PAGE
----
In this post, I would like to focus on how to lock-in the value generated from improving your controller performance. This is another big issue that not many people know about or understand that well. I like to think of it as the “improvement half-life” concept.
The concept is that process control optimization work delivers good payback in a relatively short period of time.
However, the performance of the controllers, and the value they deliver start to decrease over time.
This is why it’s called a “half-life”: the time taken for something to reduce to half its value. For process control optimization work, a typical half-life is only around 6 months! This figure is based on our own experience and my discussions with others working in this field.
There are a number of factors that cause this erosion of value over time. Different feed material, equipment wear, personnel changes, a change in operating philosophies, and plant modifications are just some of the possible causes of this. The tricky part is how do you manage it!?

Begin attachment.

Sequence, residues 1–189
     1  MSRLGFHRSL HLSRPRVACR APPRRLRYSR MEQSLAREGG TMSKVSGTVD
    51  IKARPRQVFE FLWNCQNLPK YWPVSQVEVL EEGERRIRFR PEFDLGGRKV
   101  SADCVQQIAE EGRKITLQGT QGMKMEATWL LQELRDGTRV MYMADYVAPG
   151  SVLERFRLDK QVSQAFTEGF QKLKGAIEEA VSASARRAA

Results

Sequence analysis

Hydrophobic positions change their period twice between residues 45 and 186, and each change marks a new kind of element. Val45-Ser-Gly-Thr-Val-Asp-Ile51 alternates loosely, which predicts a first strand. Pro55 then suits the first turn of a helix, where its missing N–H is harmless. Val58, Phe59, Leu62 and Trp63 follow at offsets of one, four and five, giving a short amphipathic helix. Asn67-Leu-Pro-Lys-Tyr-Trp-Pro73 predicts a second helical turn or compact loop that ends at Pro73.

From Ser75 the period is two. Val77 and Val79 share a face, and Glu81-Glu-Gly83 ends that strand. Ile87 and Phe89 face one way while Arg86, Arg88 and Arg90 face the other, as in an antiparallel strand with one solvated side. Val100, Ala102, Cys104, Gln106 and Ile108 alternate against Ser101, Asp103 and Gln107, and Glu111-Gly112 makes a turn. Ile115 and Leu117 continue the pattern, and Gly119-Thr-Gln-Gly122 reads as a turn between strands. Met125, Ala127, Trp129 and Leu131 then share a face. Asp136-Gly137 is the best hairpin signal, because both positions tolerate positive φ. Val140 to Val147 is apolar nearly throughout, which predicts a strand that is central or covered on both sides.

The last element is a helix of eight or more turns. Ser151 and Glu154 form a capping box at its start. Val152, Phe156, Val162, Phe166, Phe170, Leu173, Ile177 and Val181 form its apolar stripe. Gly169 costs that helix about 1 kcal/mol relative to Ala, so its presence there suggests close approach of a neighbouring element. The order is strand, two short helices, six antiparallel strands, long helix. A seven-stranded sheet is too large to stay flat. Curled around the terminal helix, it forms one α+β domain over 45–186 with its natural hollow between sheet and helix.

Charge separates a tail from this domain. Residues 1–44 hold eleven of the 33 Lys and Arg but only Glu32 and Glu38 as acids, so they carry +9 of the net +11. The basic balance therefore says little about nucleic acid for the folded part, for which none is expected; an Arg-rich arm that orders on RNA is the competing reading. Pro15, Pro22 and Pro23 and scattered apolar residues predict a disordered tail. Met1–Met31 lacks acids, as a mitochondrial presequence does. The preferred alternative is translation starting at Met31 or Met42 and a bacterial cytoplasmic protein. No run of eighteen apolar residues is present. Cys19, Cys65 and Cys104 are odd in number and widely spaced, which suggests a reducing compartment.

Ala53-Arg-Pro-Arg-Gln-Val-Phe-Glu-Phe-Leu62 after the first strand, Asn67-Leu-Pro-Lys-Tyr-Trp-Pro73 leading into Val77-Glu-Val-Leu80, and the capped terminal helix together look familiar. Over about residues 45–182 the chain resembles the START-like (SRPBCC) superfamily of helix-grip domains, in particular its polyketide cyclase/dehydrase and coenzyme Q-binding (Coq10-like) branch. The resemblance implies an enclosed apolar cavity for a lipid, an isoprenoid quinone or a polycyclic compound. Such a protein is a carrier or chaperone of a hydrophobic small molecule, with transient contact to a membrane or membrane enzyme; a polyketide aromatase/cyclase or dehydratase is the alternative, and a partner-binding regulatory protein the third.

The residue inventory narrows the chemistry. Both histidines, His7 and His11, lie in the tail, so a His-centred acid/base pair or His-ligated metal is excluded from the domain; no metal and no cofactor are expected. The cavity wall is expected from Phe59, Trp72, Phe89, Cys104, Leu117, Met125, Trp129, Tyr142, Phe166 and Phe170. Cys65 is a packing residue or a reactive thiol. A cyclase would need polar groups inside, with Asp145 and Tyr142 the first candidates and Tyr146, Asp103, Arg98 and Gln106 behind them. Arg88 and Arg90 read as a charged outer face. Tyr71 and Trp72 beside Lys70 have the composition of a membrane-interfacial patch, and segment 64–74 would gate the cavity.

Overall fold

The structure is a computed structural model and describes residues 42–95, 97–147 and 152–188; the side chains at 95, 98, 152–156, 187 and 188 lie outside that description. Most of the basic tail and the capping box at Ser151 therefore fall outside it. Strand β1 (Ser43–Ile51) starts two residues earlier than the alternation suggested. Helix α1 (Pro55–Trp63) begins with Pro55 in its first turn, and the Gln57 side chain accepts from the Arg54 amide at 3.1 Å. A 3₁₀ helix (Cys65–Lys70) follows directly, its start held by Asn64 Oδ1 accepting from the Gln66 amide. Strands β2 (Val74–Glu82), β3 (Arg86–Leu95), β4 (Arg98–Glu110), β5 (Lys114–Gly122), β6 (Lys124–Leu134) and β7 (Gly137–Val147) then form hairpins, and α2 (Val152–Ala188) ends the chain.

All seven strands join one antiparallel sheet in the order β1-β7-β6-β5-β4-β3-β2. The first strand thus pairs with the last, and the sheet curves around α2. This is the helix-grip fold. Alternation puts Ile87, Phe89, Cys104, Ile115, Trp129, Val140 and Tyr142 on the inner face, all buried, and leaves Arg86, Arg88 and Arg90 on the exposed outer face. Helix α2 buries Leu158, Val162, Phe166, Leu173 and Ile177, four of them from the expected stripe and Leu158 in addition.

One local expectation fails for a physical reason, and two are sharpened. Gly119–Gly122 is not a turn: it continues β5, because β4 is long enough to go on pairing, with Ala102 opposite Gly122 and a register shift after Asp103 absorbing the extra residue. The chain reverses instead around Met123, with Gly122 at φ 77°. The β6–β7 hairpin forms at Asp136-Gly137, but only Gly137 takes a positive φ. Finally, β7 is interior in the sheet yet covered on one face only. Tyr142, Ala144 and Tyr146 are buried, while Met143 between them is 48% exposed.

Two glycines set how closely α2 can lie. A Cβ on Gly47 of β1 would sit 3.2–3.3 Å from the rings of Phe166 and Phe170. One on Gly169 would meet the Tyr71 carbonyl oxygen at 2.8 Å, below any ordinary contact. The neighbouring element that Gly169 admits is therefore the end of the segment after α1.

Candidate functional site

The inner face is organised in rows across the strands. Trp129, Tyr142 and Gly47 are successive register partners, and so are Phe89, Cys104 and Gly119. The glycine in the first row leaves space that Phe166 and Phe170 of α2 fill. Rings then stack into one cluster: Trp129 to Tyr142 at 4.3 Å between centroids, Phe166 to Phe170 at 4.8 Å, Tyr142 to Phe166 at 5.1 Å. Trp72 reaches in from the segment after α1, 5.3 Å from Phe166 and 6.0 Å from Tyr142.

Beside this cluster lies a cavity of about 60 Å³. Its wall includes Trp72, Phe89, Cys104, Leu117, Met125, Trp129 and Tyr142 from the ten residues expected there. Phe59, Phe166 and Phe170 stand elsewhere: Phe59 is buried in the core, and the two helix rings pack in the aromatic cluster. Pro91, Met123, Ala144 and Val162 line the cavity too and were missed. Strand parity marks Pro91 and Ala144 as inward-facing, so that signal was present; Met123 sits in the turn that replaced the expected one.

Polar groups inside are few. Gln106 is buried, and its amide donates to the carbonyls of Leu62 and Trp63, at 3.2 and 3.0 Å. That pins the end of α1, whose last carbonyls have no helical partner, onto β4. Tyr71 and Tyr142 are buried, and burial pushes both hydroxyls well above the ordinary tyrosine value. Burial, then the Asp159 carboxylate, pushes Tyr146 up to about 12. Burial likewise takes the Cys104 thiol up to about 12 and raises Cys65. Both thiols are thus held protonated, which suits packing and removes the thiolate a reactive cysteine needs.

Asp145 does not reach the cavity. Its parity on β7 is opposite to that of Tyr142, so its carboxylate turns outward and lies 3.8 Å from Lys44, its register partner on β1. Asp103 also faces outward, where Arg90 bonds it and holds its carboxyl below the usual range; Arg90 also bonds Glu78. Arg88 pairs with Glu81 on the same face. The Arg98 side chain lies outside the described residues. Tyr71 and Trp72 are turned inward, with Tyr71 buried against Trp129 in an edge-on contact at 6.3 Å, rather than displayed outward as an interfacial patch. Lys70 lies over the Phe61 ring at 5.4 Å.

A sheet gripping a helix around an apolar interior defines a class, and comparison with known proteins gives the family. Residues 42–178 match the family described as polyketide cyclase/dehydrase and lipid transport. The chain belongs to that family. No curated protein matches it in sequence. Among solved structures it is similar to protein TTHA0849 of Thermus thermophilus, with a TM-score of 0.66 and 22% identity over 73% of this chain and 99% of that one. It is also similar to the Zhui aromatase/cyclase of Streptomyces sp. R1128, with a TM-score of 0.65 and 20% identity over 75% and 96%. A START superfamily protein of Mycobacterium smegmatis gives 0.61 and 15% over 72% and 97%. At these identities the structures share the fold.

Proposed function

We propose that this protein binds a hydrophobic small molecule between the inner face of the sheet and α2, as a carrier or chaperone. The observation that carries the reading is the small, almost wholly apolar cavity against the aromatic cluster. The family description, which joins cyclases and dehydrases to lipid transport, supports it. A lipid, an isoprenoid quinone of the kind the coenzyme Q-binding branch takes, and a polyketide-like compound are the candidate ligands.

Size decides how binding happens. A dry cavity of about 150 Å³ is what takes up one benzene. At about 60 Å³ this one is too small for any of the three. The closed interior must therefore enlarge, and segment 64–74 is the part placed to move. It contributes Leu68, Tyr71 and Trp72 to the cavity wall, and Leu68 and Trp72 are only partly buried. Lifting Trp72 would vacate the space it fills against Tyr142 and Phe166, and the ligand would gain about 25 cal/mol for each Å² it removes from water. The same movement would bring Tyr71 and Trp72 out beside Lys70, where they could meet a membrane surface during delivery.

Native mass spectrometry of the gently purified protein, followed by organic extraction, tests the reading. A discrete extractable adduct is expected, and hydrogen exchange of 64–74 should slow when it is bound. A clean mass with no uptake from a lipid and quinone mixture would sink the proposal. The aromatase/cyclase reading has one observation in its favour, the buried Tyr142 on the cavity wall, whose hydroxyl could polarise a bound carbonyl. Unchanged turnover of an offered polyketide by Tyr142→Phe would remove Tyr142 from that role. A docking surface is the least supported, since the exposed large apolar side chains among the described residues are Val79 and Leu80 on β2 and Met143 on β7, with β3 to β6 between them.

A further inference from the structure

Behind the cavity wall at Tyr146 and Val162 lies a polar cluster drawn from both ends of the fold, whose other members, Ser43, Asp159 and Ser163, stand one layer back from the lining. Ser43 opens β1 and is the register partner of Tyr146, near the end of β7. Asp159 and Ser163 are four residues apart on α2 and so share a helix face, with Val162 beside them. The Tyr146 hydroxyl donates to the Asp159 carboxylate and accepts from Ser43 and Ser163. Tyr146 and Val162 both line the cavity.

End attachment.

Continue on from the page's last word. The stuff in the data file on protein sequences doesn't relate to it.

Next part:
In our experience, the best way to manage the half-life problem is to periodically review your controller performance and made any adjustments required to keep them operating at their best. It’s the “you can only manage what you measure” approach.
So how do you manage controller performance? How can you tell if the control is good, bad or downright ugly?
I’ll talk about that in my next post.